10. Horizontal Fragmentation of account Relation Account = (branch_name, account_number, balance ) account1 =branch_name=“Hillside” (account ) account_number branch_name balance Hillside Hillside Hillside A-305 A-226 A-155 500 336 62 account2 =branch_name=“Valleyview” (account ) account_number branch_name balance Valleyview Valleyview Valleyview Valleyview A-177 A-402 A-408 A-639 205 10000 1123 750

  11. Vertical Fragmentation of employee_info Relation Employee_Info = ( branch_name, customer_name, account_number, balance) deposit1 =branch_name, customer_name, tuple_id (employee_info ) tuple_id branch_name customer_name Lowman Camp Camp Kahn Kahn Kahn Green 1 2 3 4 5 6 7 Hillside Hillside Valleyview Valleyview Hillside Valleyview Valleyview deposit2 =account_number, balance, tuple_id (employee_info ) account_number tuple_id balance 500 336 205 10000 62 1123 750 A-305 A-226 A-177 A-402 A-155 A-408 A-639 1 2 3 4 5 6 7

  12. Horizontal fragmentation: allows parallel processing on fragments of a relation allows a relation to be split so that tuples are located where they are most frequently accessed Vertical fragmentation: allows tuples to be split so that each part of the tuple is stored where it is most frequently accessed tuple-id attribute allows efficient joining of vertical fragments allows parallel processing on a relation Vertical and horizontal fragmentation can be mixed. Fragments may be successively fragmented to an arbitrary depth. Advantages of Fragmentation

  13. Data transparency: Degree to which system user may remain unaware of the details of how and where the data items are stored in a distributed system Consider transparency issues in relation to: Fragmentation transparency Replication transparency Location transparency Naming of Data Items - Criteria 1. Every data item must have a system-wide unique name. 2. It should be possible to find the location of data items efficiently. 3. It should be possible to change the location of data items transparently. 4. Each site should be able to create new data items autonomously. Data Transparency

  14. Naming Schemes • Central Name Server Scheme • Structure: • name server assigns all names • each site maintains a record of local data items • sites ask name server to locate non-local data items • Advantages: • satisfies naming criteria 1-3 • Disadvantages: • does not satisfy naming criterion 4 • name server is a potential performance bottleneck • name server is a single point of failure

  15. Naming Schemes (cont.) • Site-Id Prefix Scheme • each site prefixes its own site identifier to any name that it generates i.e., site 17.account. • Fulfills having a unique identifier, and avoids problems associated with central control. • However, fails to achieve network transparency. • Solution: • Create a set of aliasesfor data items; • Store the mapping of aliases to the real names at each site. • The user can be unaware of the physical location of a data item, and is unaffected if the data item is moved from one site to another.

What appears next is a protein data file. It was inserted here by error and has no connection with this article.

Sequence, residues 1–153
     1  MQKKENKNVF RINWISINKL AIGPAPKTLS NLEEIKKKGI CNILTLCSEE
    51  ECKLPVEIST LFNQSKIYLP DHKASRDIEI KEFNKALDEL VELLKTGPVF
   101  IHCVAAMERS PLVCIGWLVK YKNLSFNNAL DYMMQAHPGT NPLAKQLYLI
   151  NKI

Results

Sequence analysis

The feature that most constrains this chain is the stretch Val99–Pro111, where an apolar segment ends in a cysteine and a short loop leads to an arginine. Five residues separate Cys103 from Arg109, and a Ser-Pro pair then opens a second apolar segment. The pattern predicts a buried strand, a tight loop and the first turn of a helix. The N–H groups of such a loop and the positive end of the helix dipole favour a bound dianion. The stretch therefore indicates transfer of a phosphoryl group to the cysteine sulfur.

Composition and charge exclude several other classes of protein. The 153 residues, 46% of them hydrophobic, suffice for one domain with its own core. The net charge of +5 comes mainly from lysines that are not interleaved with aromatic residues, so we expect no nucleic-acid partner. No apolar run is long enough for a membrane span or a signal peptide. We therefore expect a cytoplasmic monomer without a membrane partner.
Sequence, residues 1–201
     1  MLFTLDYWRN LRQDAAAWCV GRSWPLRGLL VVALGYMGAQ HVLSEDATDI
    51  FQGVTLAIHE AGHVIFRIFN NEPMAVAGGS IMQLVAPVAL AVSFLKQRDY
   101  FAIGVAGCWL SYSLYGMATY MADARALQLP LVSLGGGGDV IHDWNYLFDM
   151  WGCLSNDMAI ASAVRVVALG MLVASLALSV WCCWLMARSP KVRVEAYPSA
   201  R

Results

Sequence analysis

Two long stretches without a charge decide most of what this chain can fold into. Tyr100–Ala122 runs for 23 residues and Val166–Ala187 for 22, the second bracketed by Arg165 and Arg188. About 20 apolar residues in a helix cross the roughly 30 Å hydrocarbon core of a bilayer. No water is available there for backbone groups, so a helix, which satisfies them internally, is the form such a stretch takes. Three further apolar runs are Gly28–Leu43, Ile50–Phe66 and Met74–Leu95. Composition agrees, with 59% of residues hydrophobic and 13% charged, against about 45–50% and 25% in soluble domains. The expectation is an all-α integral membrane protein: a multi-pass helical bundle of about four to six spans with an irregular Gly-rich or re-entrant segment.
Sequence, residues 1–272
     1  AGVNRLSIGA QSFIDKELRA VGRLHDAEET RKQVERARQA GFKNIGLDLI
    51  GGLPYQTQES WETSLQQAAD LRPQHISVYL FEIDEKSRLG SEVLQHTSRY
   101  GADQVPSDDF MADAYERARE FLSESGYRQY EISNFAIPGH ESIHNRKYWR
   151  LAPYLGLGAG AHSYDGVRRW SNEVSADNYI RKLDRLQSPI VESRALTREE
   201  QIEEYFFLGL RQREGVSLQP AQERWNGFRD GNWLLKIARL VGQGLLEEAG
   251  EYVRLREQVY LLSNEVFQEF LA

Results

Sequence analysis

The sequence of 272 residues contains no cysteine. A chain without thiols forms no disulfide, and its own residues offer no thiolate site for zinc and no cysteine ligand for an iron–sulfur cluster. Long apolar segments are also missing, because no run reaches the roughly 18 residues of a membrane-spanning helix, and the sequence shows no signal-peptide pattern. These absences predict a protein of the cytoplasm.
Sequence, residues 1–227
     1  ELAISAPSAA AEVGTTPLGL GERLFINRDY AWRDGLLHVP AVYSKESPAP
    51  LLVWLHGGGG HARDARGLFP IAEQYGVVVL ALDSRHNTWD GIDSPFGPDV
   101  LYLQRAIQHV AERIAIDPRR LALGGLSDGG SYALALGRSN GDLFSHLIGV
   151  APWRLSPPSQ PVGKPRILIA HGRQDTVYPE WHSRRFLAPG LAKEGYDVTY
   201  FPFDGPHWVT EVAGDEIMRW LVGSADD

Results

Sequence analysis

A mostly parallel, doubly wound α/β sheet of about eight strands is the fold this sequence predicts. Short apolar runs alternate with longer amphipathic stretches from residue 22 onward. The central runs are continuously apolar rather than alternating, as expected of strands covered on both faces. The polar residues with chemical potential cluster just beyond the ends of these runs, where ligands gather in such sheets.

16. 19.1 Heterogeneous and Homogeneous Databases 19.2 Distributed Data Storage 19.3 Distributed Transactions 19.4 Commit Protocols 19.5 Concurrency Control in Distributed Databases 19.6 Availability 19.7 Distributed Query Processing 19.8 Heterogeneous Distributed Databases 19.9 Cloud-Based Databases 19.10 Directory Systems Chapter 19: Distributed Databases

  17. Distributed Transactions • Transaction may access data at several sites. • Each site has a local transaction manager responsible for: • Maintaining a log for recovery purposes • Participating in coordinating the concurrent execution of the transactions executing at that site. • Each site has a transaction coordinator, which is responsible for: • Starting the execution of transactions that originate at the site. • Distributing subtransactions at appropriate sites for execution. • Coordinating the termination of each transaction that originates at the site, which may result in the transaction being committed at all sites or aborted at all sites.

  18. System Failure Modes • Failures unique to distributed systems: • Failure of a site • Loss of massages • Handled by network transmission control protocols such as TCP-IP • Failure of a communication link • Handled by network protocols, by routing messages via alternative links • Network partition • A network is said to be partitioned when it has been split into two or more subsystems that lack any connection between them • Note: a subsystem may consist of a single node • Network partitioning and site failures are generally indistinguishable.

  19. 19.1 Heterogeneous and Homogeneous Databases 19.2 Distributed Data Storage 19.3 Distributed Transactions 19.4 Commit Protocols 19.5 Concurrency Control in Distributed Databases 19.6 Availability 19.7 Distributed Query Processing 19.8 Heterogeneous Distributed Databases 19.9 Cloud-Based Databases 19.10 Directory Systems Chapter 19: Distributed Databases

  20. Commit Protocols • Commit protocols are used to ensure atomicity across sites • a transaction which executes at multiple sites must either be committed at all the sites, or aborted at all the sites. • not acceptable to have a transaction committed at one site and aborted at another • The two-phase commit (2PC) protocol is widely used • The three-phase commit (3PC) protocol is more complicated and more expensive, but avoids some drawbacks of two-phase commit protocol. • This protocol is not used in practice.